Try to storyboard all your scenes if you can – it helps everyone visualise what you’re after. When you’re shooting, it’s likely the storyboard may change as the creative juices flow, but it’s still good to have a road map. You can block out the space with your camera, work out what kit you’ll need, and how you’ll direct the actors on the day. It’s also good to try to break down each scene shot-by-shot so you can plan how long things will take. Creating a shooting schedule is also a good idea so you can see how much time you’ve planned for each scene and also, to alert you when that plan goes waaaaay over. Be generous with your scheduling as things like moving equipment, lunch, and actor hoo-hahs always take more time than you imagine. Time will fly by on set, so the more you plan beforehand, the better.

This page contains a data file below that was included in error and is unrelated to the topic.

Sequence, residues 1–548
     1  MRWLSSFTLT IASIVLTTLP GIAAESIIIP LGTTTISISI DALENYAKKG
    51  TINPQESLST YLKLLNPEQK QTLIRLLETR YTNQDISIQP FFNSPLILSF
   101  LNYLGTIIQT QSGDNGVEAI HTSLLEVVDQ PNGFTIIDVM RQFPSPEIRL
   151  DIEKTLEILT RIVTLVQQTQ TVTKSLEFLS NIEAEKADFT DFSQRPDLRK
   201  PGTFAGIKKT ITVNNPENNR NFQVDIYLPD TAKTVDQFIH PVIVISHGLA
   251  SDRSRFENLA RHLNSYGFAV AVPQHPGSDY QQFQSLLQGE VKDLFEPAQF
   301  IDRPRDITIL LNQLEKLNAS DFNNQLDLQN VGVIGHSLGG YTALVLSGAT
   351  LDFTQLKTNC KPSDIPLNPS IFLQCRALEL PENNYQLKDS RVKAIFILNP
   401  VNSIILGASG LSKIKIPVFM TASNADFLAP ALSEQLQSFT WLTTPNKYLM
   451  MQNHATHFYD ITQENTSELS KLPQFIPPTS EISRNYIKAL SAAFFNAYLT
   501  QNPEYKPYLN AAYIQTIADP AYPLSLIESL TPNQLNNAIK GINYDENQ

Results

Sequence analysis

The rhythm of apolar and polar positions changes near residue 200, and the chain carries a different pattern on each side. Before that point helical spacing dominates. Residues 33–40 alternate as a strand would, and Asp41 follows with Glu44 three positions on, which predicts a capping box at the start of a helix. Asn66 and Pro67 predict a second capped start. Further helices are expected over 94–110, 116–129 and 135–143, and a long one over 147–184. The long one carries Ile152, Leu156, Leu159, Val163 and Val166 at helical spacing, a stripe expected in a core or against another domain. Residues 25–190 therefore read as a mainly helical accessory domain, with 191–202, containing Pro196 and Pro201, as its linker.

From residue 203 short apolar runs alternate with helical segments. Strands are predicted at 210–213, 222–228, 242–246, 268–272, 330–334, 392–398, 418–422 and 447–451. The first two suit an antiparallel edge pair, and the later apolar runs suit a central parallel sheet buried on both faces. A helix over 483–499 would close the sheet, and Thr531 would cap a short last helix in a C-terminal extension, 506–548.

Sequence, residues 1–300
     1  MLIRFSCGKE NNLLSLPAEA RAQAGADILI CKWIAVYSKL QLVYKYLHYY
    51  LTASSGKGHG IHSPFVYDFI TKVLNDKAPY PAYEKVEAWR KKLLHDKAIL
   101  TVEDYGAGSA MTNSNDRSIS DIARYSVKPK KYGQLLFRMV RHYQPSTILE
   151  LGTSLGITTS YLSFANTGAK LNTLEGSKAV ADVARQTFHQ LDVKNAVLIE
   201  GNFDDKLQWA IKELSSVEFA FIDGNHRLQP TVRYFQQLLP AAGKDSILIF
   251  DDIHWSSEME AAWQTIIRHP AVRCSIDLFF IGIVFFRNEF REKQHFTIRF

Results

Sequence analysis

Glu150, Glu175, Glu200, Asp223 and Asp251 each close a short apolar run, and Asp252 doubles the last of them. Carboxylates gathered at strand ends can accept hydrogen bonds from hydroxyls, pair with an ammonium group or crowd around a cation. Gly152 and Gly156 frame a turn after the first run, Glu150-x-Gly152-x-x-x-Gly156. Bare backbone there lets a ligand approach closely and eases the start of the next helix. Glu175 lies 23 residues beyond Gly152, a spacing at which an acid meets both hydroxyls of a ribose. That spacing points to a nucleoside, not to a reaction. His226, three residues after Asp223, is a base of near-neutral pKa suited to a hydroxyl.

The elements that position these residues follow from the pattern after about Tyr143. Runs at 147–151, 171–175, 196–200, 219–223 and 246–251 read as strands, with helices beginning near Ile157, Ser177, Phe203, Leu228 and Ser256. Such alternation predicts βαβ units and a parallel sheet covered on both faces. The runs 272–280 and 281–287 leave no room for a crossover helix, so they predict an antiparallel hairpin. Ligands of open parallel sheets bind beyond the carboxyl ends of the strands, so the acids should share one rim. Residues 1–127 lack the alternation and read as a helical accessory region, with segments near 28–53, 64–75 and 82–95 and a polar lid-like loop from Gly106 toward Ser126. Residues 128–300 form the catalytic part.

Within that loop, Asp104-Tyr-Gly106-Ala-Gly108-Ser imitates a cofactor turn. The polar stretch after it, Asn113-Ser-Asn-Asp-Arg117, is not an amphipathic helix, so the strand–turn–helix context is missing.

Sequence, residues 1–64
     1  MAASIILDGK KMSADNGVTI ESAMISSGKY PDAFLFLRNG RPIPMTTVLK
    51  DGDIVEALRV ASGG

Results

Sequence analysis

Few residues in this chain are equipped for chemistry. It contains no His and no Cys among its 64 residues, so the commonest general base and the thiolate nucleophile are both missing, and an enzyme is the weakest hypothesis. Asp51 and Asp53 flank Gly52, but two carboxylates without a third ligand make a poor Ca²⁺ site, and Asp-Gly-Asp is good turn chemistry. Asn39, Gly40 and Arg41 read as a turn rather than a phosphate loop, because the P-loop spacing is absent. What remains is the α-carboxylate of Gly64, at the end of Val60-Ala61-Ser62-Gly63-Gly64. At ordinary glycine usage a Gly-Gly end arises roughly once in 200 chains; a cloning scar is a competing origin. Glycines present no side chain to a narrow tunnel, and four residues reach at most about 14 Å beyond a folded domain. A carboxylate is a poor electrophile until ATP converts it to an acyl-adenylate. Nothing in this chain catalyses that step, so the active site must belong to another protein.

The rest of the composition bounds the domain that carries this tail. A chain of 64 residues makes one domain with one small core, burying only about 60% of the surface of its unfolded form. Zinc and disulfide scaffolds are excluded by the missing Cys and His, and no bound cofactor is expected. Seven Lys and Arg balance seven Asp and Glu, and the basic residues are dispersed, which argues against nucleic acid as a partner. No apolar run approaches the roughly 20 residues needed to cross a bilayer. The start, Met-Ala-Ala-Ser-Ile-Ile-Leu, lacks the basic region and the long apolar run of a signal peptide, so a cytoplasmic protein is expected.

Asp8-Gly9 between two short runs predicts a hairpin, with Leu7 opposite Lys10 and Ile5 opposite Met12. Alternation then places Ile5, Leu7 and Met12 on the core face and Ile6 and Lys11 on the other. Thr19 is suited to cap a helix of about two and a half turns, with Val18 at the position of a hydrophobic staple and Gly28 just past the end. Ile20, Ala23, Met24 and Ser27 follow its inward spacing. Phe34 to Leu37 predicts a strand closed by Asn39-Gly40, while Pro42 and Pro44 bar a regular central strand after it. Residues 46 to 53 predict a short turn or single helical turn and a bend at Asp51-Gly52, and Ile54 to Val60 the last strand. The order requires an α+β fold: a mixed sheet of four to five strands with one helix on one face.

If you’re shooting on location, a recce is crucial. Go and take time to walk around, plan, and look at the space you’ll be using. Is there enough room for the camera and kit? Are there any sound considerations? Can you guarantee no interruptions during a take? Do you have permission to film? Do you need any permits? What’s the parking like? Where will you eat? What’s the weather forecast for the shoot days? Do you know the sunrise and sunset times? Do you need to take into consideration members of the public? All these things need thinking about, and doing that thinking is your job alongside the task of creating a filmic masterpiece.
Finally, on the actual day, allow yourself to be OK when plans go awry – because they will. Flexibility and adaptability are crucial skills for a successful filmmaker. If you’ve prepared well, you’ll be ready for whatever happens. Try to keep to time, and keep everyone focused. Your attitude will probably trickle down to the rest of the set, so stay calm and cheerful. Oh, and make sure you have a really big breakfast on a shoot day because you’ll probably be the last person to eat…